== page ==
This article relies largely or entirely on a single source. (June 2010)
- Added Value = The selling price of a product - the cost of bought-in materials and components
Added Value can also be defined as the difference between a particular product's final selling price and the direct and indirect input used in making that particular product. Also it can be said to be the process of increasing the perceived value of the product in the eyes of the consumers (formally known as the value proposition).
The difference is profit for the firm and its shareholders after all the costs and taxes owed by the business have been paid for that financial year. Value added or any related measure may help investors decide if this is a business that is worthwhile investing on, or that there are other and better opportunities (fixed deposits, debentures).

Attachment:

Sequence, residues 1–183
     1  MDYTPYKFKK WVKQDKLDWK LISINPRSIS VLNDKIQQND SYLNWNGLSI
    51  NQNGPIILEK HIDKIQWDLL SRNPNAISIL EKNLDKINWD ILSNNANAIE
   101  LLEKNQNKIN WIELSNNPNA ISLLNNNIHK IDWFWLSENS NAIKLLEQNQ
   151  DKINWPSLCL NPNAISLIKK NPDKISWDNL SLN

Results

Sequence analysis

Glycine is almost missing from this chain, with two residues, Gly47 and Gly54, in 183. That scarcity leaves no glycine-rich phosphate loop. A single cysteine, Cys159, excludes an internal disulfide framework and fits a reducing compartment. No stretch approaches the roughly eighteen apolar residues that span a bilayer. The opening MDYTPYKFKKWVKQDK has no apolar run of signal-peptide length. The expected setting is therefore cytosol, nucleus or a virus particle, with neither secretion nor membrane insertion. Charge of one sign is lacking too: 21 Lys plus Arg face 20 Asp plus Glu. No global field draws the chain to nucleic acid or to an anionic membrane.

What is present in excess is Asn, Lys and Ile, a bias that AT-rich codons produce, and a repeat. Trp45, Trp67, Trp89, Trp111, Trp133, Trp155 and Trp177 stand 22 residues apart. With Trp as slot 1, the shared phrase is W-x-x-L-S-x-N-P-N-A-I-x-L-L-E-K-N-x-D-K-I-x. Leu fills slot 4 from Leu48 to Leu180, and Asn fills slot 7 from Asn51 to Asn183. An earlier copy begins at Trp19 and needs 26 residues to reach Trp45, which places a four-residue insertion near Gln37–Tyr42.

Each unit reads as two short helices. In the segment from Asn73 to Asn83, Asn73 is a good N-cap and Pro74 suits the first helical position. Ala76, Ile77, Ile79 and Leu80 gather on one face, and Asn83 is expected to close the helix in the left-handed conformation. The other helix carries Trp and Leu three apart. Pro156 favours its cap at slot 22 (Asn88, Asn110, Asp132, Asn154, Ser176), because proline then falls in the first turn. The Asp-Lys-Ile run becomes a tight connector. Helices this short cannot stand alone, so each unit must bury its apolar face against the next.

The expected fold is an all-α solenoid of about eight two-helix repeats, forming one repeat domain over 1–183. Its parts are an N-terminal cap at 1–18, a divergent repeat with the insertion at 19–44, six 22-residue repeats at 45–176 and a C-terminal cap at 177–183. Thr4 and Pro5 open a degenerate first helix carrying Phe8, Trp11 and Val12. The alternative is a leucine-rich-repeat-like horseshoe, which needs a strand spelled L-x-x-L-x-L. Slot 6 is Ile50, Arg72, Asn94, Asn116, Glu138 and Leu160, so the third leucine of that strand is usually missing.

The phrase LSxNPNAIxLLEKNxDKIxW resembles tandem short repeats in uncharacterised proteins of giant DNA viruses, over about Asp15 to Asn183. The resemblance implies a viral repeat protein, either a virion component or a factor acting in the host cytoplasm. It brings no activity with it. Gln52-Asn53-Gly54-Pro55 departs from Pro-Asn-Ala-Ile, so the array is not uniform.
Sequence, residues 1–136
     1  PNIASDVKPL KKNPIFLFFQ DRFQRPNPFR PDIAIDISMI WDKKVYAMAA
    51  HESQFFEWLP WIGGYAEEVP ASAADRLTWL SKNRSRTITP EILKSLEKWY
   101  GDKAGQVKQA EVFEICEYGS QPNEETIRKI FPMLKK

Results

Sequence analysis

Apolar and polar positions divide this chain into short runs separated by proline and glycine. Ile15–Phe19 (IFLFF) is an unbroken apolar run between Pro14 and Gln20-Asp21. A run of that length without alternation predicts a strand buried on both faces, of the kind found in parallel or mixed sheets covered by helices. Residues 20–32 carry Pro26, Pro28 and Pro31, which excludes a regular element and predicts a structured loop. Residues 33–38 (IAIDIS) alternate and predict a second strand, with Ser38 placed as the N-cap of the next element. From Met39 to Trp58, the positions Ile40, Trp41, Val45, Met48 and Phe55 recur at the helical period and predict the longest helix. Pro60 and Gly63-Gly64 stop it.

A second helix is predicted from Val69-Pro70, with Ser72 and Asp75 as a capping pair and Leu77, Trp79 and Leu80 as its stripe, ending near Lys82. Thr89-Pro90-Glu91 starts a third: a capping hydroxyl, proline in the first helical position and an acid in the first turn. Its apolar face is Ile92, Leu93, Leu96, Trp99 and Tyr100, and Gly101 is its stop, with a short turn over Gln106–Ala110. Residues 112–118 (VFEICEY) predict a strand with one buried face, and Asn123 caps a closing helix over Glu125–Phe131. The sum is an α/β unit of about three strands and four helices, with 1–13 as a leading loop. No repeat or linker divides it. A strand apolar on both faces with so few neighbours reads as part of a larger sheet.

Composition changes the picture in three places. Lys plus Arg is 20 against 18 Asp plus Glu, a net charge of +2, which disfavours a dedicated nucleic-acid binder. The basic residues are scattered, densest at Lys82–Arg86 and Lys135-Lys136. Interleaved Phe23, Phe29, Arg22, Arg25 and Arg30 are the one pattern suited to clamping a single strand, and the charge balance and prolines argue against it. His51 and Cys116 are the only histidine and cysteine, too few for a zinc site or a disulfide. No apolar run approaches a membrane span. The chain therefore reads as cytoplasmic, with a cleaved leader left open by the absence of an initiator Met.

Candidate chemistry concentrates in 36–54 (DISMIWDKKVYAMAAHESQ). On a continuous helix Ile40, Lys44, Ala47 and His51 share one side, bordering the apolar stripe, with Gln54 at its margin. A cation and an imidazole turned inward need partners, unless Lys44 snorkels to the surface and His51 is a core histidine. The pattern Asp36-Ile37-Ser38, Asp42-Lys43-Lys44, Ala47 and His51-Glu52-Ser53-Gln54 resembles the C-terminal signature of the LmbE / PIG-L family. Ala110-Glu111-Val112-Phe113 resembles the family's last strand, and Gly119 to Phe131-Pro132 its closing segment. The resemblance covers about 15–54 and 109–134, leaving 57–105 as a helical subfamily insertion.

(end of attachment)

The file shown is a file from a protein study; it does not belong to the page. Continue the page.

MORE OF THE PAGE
Example [ edit ]
A jewelry business could display products in an attractive display or offer a gift wrapping service. These changes could make customers more willing to pay a higher price for products that appear to be of higher quality.
Other consultancy measures [ edit ]
For other consultancy measures for shareholder value, see
References [ edit ]
- Kay, J. (1993) Foundations of Corporate Success, Oxford: Oxford University Press.